Prepping for a Wedding

We had two daughters marry in the space of nine months. While preparing for a wedding does not typically fall into self-sufficiency and preparedness, many of the principles for accomplishing any preparedness task without breaking the bank are the same as those needed to plan for any major event.  

Here are three tips that will help:

1. Plan Carefully

Make lists of tasks to accomplish (such as shopping for the wedding dress, choosing flowers, and decorating the reception venue) and materials you need (such as decorations, food, and drinks for the reception).  Write them down on paper or type a list on your phone, computer, etc. and prioritize them by the date by which they need to be accomplished.  Add the tasks to your calendar to be sure you set aside time to accomplish them and so that you do not forget anything. Be sure to also add a day or two to your calendar to dedicate to gathering materials for the reception, whether this means shopping for food items, gathering decorations from your attic, or picking up items to be borrowed from a friend's house.

Ask for help!  Remember that one person can't do everything, so assign tasks to people you trust and keep a list of who will be doing what.  This will keep people from wasting time by doubling up on the same task and will keep things from being missed.  Keeping a list will be crucial for when you need to call to verify that people who agreed to do a task are still available to help and for when your friends call you to ask what it was they had agreed to do.

2. Repurpose

Use what you have.  If you have decorations from other events or items around the house that can be re-used or modified for the wedding, don't hesitate to do so. One daughter used hardback books from our library shelves and teacups from the cupboard in her wedding decorations.  We also used teapots, teacups, and candlesticks from our homes to decorate for her bridal shower.  Faux flowers she purchased for the wedding were used for both the shower and the wedding reception. Flower garlands we had on hand were included for both wedding receptions.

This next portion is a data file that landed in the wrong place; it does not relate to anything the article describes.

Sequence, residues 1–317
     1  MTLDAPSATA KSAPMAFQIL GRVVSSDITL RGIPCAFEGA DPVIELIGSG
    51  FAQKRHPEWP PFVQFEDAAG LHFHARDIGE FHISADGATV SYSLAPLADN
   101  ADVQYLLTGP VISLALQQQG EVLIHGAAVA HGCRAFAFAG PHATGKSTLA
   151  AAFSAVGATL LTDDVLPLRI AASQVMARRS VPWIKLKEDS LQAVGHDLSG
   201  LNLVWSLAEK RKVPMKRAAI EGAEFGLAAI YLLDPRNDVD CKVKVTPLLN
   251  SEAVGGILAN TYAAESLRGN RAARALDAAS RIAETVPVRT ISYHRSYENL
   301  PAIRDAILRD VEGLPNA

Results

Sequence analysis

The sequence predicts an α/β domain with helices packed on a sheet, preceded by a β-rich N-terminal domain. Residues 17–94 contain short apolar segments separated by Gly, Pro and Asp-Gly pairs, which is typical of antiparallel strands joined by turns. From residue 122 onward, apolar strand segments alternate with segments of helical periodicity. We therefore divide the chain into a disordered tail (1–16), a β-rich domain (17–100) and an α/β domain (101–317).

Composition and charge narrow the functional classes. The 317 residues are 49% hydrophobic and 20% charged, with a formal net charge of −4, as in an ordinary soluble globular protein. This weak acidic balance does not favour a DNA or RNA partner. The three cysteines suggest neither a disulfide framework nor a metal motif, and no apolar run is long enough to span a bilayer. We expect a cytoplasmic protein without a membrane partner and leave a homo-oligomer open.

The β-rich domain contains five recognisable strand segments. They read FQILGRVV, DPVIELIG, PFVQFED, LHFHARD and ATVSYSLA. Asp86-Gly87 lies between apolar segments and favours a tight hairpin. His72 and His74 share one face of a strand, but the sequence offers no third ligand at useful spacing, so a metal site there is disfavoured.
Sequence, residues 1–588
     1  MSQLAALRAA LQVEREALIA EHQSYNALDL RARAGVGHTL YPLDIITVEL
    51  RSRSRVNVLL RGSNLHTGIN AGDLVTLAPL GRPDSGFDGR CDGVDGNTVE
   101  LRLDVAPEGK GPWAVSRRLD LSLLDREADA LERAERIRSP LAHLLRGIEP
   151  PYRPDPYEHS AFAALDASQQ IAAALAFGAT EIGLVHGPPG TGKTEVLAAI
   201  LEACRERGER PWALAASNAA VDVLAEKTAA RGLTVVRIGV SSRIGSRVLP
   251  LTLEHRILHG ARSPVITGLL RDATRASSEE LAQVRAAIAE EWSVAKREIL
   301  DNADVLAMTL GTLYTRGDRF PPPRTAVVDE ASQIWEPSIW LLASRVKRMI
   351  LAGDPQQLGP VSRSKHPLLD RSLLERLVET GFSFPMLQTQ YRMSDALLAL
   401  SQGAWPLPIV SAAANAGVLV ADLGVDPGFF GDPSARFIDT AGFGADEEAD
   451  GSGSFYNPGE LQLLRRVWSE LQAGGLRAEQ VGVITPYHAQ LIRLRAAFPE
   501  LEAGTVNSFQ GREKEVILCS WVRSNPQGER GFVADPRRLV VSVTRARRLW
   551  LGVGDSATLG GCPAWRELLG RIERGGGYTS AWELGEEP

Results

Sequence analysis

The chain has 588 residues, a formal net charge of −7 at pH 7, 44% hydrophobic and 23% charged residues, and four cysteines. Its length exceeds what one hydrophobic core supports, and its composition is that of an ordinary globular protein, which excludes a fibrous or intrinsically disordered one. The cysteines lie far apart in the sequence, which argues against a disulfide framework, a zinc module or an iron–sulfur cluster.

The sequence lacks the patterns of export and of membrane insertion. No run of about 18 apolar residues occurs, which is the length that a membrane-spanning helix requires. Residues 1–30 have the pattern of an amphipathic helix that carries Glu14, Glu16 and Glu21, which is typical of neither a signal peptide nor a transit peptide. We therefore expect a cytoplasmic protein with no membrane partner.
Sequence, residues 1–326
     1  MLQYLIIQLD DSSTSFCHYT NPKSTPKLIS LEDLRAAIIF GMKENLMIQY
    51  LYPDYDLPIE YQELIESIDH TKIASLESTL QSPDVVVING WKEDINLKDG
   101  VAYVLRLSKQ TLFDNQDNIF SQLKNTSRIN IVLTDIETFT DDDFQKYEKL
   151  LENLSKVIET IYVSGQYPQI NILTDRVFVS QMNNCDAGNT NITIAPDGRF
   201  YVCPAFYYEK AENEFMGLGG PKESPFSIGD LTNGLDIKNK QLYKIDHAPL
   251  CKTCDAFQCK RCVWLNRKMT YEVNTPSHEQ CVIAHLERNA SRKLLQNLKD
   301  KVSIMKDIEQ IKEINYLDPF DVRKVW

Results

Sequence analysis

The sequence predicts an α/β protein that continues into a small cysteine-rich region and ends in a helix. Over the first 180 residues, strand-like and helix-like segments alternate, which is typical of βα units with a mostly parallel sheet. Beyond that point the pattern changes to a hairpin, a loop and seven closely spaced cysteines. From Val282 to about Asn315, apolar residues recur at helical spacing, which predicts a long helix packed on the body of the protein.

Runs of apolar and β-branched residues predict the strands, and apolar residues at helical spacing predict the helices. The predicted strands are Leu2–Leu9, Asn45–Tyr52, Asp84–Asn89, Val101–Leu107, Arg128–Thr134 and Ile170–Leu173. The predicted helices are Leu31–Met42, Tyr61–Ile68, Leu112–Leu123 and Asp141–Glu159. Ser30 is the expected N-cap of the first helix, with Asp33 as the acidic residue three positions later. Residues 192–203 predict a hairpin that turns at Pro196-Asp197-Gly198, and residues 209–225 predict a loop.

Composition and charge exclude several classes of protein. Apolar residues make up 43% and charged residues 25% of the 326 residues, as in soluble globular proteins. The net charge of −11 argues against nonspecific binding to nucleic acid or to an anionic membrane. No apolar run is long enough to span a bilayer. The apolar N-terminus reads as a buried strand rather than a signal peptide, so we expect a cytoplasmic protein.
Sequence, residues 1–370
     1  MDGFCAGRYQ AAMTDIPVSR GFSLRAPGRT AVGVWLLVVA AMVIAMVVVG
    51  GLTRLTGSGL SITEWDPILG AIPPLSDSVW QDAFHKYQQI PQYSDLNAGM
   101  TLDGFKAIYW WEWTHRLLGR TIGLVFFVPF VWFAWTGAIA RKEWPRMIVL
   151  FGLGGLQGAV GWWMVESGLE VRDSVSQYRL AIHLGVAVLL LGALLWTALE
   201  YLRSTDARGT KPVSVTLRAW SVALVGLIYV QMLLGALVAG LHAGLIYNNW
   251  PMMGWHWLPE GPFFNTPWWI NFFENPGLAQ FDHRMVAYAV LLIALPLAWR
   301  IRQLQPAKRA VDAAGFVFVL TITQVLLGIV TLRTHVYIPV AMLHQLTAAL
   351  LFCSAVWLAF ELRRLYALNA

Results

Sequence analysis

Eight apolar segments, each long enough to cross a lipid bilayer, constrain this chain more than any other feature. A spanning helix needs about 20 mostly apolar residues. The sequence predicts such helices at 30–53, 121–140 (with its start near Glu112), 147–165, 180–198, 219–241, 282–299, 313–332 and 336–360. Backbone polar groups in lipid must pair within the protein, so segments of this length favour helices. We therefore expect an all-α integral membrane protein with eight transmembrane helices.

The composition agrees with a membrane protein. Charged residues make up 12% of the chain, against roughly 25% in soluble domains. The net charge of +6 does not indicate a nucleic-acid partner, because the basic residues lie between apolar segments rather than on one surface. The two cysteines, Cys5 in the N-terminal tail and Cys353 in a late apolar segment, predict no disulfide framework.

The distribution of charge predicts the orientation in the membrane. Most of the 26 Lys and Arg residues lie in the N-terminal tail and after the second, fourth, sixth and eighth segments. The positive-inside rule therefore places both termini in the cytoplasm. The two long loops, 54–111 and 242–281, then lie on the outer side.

Borrow what you don't have, use what others are discarding, or search the second-hand stores. One daughter borrowed the reception greenery from her boss, who was gracious enough to loan her the greenery from her own wedding that took place a few months prior. Flower girl baskets and card baskets came from the second hand store and a family member who was getting rid of her extras. Ribbon wrapped around the handle and a few flowers glued to the side added elegance and beauty to an otherwise plain basket.

3. Involve Your Community

Let people help.  This can save you time, stress, and money. People who like you are happy to be involved and many will offer to help you with whatever you need without you even asking. Don't be afraid to accept help when it is offered.

Capitalize on people's skills. When people offer to help, let them help where they have the interest and skill.  Each of our daughters had a friend that is a fabulous baker.  Their friends made them a homemade wedding cake as a wedding gift.  Another friend put together the bouquets as a wedding gift (after the bride bought in-season flowers at a local store). Others friends who love baking made cupcakes for the dessert table.  One friend offered to make her delicious pasta salad for the reception dinner.  Each of these wedding gifts saved the couple money and allowed their friends to gift their time and talent in lieu of a gift to be wrapped.

A Parting Thought

Remember to do unto others as you would have them do unto you. Family, friends, and community are important. When our daughter's friend married, we made salad and desserts for the reception dinner and passed out the champagne before the toast. Before another friend's wedding, we were honored to be asked to serve the rehearsal dinner. When your family or friends have a big event, offer to give a helping hand.  It may be more appreciated than you will ever know!

A November Wedding

A July Wedding